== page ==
Friday, February 22, 2013

Tim with Blu about 2 year ago

I sat in bed this morning with my favorite new book, the boys fighting for prime real estate on each shoulder when I heard the most ungodly noise.

It was either a plow, scraping the pavement in search of snow now long gone, or there had just been a very nasty auto accident. I bounded out of bed, pulled up the blind and peered out the window. All was very quiet now, but I saw two large SUVs silently coasting slowly away from each other in opposite directions, like two big burly prize fighters retiring to their respective corners following a violent meeting.

My heart raced as I fumbled around searching for the phone to call 911. After reporting the proper coordinates, I hung up and threw on my sweats and raced downstairs and out the door to see if I could do anything to help. Outside, a passerby was frantically running from corner to corner searching for street signs where there were none. I yelled over to him that I had already reported the location and the police were on their way. He said the two drivers seemed shaken but alright when I asked if there was anything I could to to help.

I stood for a few moments to access the situation and realizing there was nothing I could do to help I  returned to my front door. As I reached for the doorknob I realized that I had made a similar, panicked 911 phone call almost one year ago to the day after scrambling, terrified out of bed. The only missing component this time was the sick feeling in the pit of my stomach over what I knew I would find when I reached Tim's side.

Can it possibly be a full year?  So many thoughts, so many different emotions. I sat and thought about it as I watched more emergency vehicles and police cars arrive before returning to my book.

Then, in what seemed like no time at all, the manic running about, the flashing lights, the concerned on-lookers were all gone. It was as if nothing had ever happened. Take away the dented cars and wounded drivers and it's as if it never happened....

"Would you take Mrs. Berry outside so that we can take Mr. Berry from the house?"

My friend, who had rushed right over when I called her that morning, gently took my arm and guided me to the patio outside. Once there we chat, I can't recall about what. I'm dry-eyed, composed, watching myself from across the yard wondering when this horrible nightmare will end so I can wake up and tell Tim how awful it felt. I'm reminded of the many times I joined her on the patio while she grabbed a smoke during a break in our jam sessions with her husband. Only once, for one very brief second do I let the horror in that Tim is being taken away from our home for the very last time by strangers. They are carrying him down the very stairway we'd climbed just hours ago for the very last time.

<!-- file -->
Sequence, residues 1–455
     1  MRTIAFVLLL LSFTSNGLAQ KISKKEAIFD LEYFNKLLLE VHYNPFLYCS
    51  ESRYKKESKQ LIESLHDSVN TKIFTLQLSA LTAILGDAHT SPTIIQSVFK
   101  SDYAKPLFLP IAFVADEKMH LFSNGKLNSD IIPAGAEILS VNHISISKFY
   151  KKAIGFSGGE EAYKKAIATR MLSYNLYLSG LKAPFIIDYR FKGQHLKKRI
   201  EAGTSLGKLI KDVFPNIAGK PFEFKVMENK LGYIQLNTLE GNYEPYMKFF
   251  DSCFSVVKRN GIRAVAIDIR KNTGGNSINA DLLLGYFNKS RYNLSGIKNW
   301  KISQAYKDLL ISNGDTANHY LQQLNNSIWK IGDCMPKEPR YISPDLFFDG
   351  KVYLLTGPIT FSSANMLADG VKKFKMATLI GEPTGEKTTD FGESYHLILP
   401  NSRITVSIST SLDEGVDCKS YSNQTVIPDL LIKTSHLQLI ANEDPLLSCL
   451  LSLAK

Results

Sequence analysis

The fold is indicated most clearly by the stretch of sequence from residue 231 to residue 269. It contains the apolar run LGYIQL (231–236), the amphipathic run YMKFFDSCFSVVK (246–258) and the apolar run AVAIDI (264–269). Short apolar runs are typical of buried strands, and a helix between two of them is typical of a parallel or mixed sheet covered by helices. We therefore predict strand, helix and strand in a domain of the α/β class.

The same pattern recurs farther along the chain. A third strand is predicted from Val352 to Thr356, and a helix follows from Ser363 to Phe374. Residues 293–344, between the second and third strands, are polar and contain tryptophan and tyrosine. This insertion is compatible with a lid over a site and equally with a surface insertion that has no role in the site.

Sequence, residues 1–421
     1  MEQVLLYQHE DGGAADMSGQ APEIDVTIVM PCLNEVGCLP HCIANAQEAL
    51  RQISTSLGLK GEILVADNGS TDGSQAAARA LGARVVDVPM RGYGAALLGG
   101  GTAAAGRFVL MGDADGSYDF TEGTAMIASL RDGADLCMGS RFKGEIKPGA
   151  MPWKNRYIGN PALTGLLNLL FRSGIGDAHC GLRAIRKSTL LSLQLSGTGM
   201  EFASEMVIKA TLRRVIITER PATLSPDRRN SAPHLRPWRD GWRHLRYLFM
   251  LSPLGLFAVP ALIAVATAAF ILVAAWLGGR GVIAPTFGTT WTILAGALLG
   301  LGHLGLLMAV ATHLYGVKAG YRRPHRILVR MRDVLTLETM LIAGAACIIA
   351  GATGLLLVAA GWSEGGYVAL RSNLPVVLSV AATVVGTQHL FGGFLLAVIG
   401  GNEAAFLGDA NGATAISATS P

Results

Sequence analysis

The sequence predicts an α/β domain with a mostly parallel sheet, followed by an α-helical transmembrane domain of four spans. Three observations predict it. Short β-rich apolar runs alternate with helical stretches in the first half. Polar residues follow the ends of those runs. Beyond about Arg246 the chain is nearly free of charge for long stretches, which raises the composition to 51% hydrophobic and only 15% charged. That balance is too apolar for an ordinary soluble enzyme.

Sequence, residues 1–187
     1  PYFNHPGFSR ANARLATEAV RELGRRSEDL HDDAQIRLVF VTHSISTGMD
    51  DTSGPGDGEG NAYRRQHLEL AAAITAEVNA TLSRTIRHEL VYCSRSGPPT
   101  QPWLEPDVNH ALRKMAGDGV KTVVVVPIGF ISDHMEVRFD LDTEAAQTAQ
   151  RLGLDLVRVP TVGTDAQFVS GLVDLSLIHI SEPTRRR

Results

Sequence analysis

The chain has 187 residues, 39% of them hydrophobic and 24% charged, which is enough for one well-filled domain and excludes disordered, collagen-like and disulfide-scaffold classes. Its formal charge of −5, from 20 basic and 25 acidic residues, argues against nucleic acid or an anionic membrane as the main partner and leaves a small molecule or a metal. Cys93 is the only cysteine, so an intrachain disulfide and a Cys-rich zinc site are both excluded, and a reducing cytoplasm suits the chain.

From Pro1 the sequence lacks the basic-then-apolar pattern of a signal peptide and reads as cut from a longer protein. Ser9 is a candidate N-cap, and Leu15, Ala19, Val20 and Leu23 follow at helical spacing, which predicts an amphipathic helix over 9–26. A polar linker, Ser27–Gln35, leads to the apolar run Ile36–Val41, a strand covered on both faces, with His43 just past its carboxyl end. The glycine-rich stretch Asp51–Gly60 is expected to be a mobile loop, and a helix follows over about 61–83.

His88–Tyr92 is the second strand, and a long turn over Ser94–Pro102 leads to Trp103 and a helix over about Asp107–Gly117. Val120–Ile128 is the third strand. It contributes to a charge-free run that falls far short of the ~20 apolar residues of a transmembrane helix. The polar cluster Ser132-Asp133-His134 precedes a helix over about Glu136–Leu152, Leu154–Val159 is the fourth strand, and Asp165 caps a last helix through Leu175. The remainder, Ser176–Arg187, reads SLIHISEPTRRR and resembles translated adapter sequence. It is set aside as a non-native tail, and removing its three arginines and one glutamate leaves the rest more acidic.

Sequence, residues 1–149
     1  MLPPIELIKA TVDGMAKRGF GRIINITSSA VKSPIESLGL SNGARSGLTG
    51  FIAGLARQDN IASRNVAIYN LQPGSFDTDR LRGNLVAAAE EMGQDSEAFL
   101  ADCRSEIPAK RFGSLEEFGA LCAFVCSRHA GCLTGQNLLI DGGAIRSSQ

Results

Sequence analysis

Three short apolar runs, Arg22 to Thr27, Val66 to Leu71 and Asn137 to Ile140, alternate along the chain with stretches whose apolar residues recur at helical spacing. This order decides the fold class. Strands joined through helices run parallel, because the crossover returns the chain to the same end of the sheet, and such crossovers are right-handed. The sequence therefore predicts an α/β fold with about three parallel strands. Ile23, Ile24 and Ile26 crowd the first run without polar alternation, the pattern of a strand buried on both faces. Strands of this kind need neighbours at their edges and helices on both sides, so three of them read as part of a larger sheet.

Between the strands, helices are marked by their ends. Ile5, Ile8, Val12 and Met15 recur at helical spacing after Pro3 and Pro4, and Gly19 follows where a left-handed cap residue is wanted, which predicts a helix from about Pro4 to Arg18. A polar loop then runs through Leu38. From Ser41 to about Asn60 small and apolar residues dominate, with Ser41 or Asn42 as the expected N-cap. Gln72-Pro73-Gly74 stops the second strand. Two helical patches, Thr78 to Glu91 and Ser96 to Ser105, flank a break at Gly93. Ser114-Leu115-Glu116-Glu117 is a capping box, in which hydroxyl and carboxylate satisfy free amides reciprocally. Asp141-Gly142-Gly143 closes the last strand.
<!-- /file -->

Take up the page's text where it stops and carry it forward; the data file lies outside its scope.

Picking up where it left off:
"This is now a crime scene Mrs. Berry."

I watch the Long Island Medium on TLC constantly. I feel comfortable with the bereaved. I can relate to every word they say, every emotion, longing, every fear. I used to avoid everything that reminded a loved one could disappear in one blind second, never to return again. A friend of ours wrote recently to apologize, calling herself a weenie for not being able to come see me, admitting that if it could happen to us it could happen to her and she wasn't prepared to face that. I so appreciated her honesty knowing I would definitely get my weenie on if the situation were reversed.

We were a unit. If you saw one, you saw the other. We'd rejoice at the sight of one another if we unintentionally ended up in the same isle of a supermarket we were shopping in, as if we hadn't seen one another just moments before.  We were as amazed as anyone who knew us how perfectly we fit together. We developed our own language, would understand each other fully with a fleeting glance and could even communicate without speaking.

And so on the one year anniversary of Tim leaving us, it dawns on me how foolish it would be to let a little thing like death keep us apart. Seriously. I'm getting the hang of this "long distance" relationship thing. I wear my wedding ring and his. I send myself flowers complete with cards from him on fitting occasions. I have conversations with him constantly, laugh out loud at memories we shared and more times than not here lately, feel very comforted and content.

Friends urge me to get out, move on, get back in the game, get back on the horse and all manner of "new start" sports metaphors and I so appreciate their caring.

But I am very much still very married to Timothy Francis Berry and will be until the end of time and beyond. You know when you've found THE one. There's a feeling of complete certainty that leaves not a shadow of a doubt that there isn't anything that can keep the two of you from being together. Not age difference...not race or ethnic background...not family or well meaning friends...not religious differences, spiritual beliefs or lack thereof. Nothing. Not even death! And as the shock of his leaving becomes more and more a reality, it becomes clear to me that indeed, he's never left.

We are one forever, until we meet again my love, you are my heart.